Even before I dove into season two of Phoebe Waller-Bridge’s dark comedy Fleabag, I wanted to mute the phrase “hot priest” on Twitter. If you haven’t heard by now: A thirst pandemic recently took hold of straight women on social media over the Hot Priest in Fleabag, aka the lead character’s latest love interest—and new crown prince of Thirst Twitter.
Some women have been screaming “fuck the priest” at their TVs. Others are writing screeds defending their Hot Priest lust. Gay men are also extremely invested in Hot Priest, noting that he has Mark Ruffalo energy. It’s even awakening something deeper in the straights: attractions to other hot priests.
I found this chilling—all these tweets and articles about lusting after a man of God? (Men? God?? In this economy?!) I…also felt very left out. I’m a lesbian fan of Fleabag, so I was scared this season would be very much not for me, even though Phoebe Waller-Bridge’s character is queer. (When an older woman asks if she’s a lesbian in season two, she responds, “Not exclusively.”) I don’t often connect with heterosexual romance plots—and yet, after watching this season, I not only understood Hot Priest thirst, but realized that it all felt quite familiar.
(Disclaimer: I’m one of those queer women who will call anything “lesbian,” regardless of of its sexual orientation, or whether it even has the capability to have one in the first place. The color mauve? Lesbian. The actress Neve Campbell? Canonically lesbian. The moon? Dyke. This time, though, I’m serious.)
Season two picks up “371 days, 19 hours, and 26 minutes” after the first season’s end. PWB’s character, Fleabag, is at dinner with her sister Claire, who hasn’t spoken to her in a year, her sister’s awful husband Martin, her father, her father’s fiancée (played by the canonically lesbian Olivia Colman), and the Hot Priest, who is set to officiate the wedding of her dad and stepmother.
Fleabag and Hot Priest exchange lingering glances across the table. They both order tequila, and she refers to him as her dad’s “cool, sweary priest.” They bond when he meets her outside for a cigarette—he asks her a personal question and she walks away, prompting him to say, “Fuck you, then,” and smile softly at her. Basically: Unspoken lust is the cornerstone of lesbianism, and they had it in droves.
Fleabag is quick to admit to the camera that she wants to bone the priest, but Hot Priest takes more time to grapple with feeling tingles for someone who isn’t God. We know he wants to have sex with Fleabag—we can see it in how he looks at her, grazes her arm, and hovers around her—and she knows it, too. The only person who doesn’t know he’s going to fuck Fleabag is the Hot Priest himself—or maybe he does, but he definitely has trouble coming to terms with his desires. If you didn’t know, priests take a vow of celibacy, but his limitations aren’t just sexual: He’s meant to only love one being, and that’s God.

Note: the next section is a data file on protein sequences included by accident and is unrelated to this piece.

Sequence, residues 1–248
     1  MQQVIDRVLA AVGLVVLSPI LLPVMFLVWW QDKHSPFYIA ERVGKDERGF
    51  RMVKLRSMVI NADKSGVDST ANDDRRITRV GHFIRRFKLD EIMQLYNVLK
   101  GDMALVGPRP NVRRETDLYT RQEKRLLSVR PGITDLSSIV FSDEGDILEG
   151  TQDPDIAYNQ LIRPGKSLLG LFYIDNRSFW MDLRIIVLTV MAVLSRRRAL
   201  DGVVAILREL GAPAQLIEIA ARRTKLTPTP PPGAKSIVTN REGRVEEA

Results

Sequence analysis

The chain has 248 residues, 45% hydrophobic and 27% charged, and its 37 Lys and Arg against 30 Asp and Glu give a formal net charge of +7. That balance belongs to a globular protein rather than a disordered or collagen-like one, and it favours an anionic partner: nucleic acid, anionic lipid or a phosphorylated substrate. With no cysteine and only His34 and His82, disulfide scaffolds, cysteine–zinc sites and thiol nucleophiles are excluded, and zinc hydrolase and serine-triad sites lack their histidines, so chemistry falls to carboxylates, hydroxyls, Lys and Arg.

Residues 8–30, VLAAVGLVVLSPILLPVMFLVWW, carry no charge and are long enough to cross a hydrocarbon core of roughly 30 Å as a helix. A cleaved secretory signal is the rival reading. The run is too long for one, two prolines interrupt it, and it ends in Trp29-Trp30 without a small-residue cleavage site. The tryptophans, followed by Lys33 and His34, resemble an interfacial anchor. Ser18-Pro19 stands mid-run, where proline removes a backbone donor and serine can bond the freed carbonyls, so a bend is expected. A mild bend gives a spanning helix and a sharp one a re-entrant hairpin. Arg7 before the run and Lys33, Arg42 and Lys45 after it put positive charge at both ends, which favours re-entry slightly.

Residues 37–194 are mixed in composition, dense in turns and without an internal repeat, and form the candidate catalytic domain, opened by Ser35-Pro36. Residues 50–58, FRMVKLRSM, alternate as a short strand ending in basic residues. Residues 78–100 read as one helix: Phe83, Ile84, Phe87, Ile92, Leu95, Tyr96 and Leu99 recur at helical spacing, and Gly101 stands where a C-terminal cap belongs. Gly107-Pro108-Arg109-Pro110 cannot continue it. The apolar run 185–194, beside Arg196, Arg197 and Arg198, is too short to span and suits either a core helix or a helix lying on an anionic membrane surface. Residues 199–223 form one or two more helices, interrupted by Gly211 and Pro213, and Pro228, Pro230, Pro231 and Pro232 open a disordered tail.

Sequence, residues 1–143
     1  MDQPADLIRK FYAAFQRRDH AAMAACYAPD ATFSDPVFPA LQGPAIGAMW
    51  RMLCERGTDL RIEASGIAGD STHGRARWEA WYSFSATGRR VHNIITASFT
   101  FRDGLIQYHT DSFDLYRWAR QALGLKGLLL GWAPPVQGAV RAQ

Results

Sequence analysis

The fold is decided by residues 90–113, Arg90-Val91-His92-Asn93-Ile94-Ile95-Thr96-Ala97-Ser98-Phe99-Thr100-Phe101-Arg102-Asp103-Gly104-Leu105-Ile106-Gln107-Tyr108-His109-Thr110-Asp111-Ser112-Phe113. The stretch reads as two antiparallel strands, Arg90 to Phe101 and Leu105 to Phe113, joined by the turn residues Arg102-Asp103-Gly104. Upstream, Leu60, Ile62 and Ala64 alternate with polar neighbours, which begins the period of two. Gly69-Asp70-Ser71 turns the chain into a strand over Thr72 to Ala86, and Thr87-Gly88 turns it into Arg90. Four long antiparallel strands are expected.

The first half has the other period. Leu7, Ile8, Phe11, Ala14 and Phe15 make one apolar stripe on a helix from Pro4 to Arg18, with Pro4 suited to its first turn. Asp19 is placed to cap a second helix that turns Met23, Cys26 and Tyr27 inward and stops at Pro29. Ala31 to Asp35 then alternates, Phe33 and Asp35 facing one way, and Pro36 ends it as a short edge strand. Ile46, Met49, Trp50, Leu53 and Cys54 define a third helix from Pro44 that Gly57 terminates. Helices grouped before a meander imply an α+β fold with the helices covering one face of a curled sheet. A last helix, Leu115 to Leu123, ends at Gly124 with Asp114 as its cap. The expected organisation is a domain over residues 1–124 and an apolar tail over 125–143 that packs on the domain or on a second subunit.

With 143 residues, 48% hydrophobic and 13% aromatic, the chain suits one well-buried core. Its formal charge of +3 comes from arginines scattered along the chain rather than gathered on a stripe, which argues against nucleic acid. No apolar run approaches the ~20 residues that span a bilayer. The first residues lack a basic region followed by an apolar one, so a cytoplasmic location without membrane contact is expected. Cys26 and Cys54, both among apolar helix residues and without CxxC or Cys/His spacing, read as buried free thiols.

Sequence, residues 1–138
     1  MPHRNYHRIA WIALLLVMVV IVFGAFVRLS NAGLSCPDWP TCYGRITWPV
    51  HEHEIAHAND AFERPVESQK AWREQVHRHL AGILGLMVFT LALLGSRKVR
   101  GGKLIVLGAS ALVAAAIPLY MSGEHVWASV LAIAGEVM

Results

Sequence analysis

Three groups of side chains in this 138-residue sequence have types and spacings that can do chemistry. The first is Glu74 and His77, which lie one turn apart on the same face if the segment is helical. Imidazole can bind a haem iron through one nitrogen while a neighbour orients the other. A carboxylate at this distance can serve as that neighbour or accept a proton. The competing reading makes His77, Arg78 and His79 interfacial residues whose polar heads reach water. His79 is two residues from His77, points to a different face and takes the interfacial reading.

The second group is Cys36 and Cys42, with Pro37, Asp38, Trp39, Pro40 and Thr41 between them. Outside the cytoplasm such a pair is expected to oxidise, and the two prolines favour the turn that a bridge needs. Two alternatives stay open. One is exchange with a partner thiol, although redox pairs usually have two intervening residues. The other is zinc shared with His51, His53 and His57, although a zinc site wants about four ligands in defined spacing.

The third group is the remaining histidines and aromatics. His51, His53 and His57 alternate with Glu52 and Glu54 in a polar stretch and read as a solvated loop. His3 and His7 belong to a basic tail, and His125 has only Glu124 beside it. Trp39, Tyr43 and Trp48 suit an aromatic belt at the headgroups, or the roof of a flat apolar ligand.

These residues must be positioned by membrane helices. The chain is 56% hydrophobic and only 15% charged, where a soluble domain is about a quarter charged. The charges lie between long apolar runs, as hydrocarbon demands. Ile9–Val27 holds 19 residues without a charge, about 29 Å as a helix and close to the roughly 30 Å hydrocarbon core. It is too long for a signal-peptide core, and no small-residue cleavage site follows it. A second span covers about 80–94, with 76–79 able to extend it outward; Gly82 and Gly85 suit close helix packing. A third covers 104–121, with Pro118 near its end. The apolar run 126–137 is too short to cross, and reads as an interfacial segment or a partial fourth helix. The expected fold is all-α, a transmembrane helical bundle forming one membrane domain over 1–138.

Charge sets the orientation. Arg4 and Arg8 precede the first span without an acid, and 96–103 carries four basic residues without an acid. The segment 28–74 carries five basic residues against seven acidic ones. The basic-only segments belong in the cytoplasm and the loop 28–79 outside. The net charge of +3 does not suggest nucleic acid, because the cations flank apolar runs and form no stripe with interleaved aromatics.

Things between Fleabag and Hot Priest come to a head after they nearly bone in the church, when Fleabag cries to him in a confessional booth and he swipes open the curtain and commands her to “kneel.” But he stops himself. Later, he unexpectedly shows up on her doorstep and, for the first time, opens up to her about his attraction and how he feels about it. He says, “I can’t be physical with you,” but we know that’s all he wants to do.
That resonated with me. The first girl I had feelings for was a friend of mine, and I remember setting that boundary in my head: She’s my friend and I love her, but I can’t ask her to be physical with me. It would have changed everything—our relationship, but, also, my life and worldview. If I was queer, I thought, people would treat me different. I know myself better than anyone, and this isn’t me. But I could let myself have the emotional relationship. That would have to be enough.
Fleabag and HP’s relationship was secretive and scandalous, and somewhat deviant from the norm—which is exactly what it was like to fall for someone of the same sex for the first time. Because what that person and I had felt clandestine, we communicated silently: in glances from across the room; brushing shoulders in the backseat of the car; texting each other stupid emojis. It created the sort of intimacy that I saw between Fleabag and Hot Priest: a feeling like, If no one else knows about us, then what we have is just ours.
When Hot Priest shows up on Fleabag’s doorstep and insists he can’t be physical, he says, “I can’t have sex with you, because if I have sex with you, I’ll fall in love with you, and if I fall in love with you, I won’t burst into flames, but my life will be fucked.” Yes—welcome to the upending psychological experience of realizing you’re queer; go on, sir. In that moment, I myself had the Fleabag-ish turn-to-camera realization that Hot Priest was experiencing what I did before I came out: the earth-shattering feeling of realizing you love someone you’ve been told your whole life that you’re not supposed to.
I’ll let you have this one, straights: Even though I vehemently rejected Hot Priest–based horniness at first, I’ve come to align with this sweeping cultural phenomenon. If anything, Hot Priest lust is a brilliant metaphor for queerness: You can’t choose who you love, even if it’s a man (ew) of God (grow up).
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The post Fleabag’s Hot Priest Gave Me Flashbacks to My Early Queer Thirst appeared first on VICE.